Pinter's Explanation by Ross Mueller is almost 40 minutes long and perhaps overstays its welcome, despite strong performances by Michael Szeles and Mary Cross and expert direction by Mark Armstrong. It feels, at first, also allegorical: a man and a woman have gathered to read a script (an Australian play that the man is adapting to make it more comprehensible to an American audience). The same power-politics are evident here, though on a more personal and intimate scale. The interesting twist is that both players are intimidated by the Mother Country, here represented by the Royal Shakespeare Company and Harold Pinter. Mueller veers off this point and goes on a couple of tangents, with the titular one feeling too long and unnecessary to me. But this is an interesting play that, in common with the works of Pinter himself, can be looked at on a variety of different levels.
Katz's contribution, Goodbye New York, Goodbye Heart, is to my mind the least successful of the evening's offerings. It's set in a futuristic/apocalyptic time in "places" with names like MySpace Moscow and MySpace Tokyo; a young woman from Melbourne comes to MySpace New York for a friend's wedding, and ends up getting involved with the Best Man, a "suicide" who lives with his family of "avalanche dwellers." Katz's inability to make clear what these names mean is the fundamental problem with the play: a general disdain for American values is manifested in the plot's destruction of key Manhattan landmarks like the Empire State Building and the Statue of Liberty, but the specifics of what's actually going on in this alternate universe remain fuzzy and unconvincing.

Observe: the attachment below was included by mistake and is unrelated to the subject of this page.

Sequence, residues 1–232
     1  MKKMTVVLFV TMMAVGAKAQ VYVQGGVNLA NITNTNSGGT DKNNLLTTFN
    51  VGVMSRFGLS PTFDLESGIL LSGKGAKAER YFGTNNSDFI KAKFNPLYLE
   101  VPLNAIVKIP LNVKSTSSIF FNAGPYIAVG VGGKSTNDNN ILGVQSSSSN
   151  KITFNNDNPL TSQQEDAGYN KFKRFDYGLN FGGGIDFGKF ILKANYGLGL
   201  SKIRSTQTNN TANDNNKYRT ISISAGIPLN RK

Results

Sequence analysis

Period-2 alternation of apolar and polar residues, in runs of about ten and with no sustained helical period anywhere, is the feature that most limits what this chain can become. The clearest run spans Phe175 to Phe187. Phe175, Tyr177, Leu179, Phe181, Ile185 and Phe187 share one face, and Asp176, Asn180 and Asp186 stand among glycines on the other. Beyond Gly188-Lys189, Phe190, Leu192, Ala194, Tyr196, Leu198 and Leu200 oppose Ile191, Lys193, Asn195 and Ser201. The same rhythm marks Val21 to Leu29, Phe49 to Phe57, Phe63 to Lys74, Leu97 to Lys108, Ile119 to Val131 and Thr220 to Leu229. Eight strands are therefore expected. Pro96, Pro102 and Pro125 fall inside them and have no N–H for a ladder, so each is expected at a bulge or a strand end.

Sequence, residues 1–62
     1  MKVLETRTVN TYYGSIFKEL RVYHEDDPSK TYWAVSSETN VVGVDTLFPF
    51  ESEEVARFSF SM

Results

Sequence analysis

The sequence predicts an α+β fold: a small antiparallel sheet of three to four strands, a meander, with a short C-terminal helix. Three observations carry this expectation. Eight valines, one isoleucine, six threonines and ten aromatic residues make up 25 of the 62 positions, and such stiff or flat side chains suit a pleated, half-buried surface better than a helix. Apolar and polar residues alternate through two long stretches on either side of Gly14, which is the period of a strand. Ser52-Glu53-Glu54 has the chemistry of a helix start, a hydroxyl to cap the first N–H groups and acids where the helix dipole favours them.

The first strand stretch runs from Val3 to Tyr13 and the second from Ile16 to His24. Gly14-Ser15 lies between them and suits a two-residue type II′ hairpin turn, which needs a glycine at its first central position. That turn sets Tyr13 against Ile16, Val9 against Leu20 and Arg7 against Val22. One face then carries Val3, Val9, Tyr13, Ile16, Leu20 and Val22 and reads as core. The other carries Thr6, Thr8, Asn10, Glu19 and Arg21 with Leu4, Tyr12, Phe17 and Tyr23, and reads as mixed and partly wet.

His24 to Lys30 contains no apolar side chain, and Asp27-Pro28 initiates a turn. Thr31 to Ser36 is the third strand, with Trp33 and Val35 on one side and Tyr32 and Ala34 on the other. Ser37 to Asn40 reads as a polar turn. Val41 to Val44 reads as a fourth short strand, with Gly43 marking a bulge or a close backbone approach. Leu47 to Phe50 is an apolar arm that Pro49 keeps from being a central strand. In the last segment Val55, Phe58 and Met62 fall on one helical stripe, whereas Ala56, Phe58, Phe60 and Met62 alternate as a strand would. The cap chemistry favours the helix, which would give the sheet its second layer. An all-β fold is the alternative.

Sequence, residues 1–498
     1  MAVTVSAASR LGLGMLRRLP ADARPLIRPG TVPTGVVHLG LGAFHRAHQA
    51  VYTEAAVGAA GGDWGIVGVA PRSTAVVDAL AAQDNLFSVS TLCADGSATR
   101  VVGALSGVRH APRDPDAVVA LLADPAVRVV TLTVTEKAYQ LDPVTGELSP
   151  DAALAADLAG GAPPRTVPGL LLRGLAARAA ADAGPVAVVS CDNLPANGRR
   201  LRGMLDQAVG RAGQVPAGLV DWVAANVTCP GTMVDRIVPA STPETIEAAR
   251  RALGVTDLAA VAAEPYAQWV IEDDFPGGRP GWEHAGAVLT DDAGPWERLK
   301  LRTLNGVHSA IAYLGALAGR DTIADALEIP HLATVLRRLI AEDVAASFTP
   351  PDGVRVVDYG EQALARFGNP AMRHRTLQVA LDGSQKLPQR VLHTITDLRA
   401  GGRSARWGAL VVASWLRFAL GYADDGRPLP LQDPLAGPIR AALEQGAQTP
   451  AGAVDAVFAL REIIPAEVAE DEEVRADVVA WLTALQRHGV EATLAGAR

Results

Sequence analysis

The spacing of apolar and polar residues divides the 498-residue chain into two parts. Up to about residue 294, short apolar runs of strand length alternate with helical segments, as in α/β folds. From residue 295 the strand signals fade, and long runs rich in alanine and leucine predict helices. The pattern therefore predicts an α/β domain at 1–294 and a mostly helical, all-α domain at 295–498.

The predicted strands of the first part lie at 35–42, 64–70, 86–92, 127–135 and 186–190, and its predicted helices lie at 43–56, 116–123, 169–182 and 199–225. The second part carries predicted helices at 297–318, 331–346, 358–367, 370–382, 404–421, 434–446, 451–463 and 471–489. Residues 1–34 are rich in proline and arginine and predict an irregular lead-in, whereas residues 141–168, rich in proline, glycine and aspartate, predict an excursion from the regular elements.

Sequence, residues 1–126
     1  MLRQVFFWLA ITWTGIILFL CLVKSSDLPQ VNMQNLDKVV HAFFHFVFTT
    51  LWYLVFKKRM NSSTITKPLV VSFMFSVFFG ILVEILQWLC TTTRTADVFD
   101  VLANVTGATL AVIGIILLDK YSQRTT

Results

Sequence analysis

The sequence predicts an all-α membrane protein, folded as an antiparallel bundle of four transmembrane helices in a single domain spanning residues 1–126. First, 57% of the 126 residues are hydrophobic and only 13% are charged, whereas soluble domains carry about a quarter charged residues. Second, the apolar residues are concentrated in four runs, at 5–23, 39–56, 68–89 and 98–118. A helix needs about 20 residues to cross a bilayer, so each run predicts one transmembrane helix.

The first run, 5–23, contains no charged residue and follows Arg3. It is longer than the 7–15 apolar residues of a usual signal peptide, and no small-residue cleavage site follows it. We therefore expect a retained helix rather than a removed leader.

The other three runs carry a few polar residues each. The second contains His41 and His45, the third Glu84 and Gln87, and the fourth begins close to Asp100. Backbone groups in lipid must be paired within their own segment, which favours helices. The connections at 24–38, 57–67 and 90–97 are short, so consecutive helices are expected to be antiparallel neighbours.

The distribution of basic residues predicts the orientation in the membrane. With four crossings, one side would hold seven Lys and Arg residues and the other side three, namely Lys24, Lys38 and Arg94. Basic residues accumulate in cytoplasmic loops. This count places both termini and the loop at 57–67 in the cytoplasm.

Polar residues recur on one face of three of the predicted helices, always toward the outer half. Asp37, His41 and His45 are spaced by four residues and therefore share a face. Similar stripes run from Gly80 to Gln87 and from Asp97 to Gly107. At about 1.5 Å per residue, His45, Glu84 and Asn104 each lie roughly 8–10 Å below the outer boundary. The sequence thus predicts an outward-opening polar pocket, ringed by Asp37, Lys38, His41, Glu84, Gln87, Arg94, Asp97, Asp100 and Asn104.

But overall, The Australia Project II exposes us to interesting and articulate playwrights from Down Under who are not afraid to say what they think vis-a-vis the U.S.A., and that's such a good thing. We'll be reviewing the next two programs as they unfold, so stay tuned.
Week 2 - Reviewed by Kat Chamberlain (September 20, 2007)
Australia Project enters Week 2 where the focus is no longer fixed on American politics. Whether complex or blatant, quiet or riotous, these three one-act plays showcase three Australian playwrights' craft and sensitivity toward that seemingly obvious yet hard to articulate thing called the American psyche.
What is truly fun about seeing an Australian play with an American character in it, is that you get to learn—for a change—some new words, or some words with new meaning. The rocky 967 Tuna by Brendan Cowell, about a young Australian traveler on a rented fishing boat with an older American guide, starts with this conversation: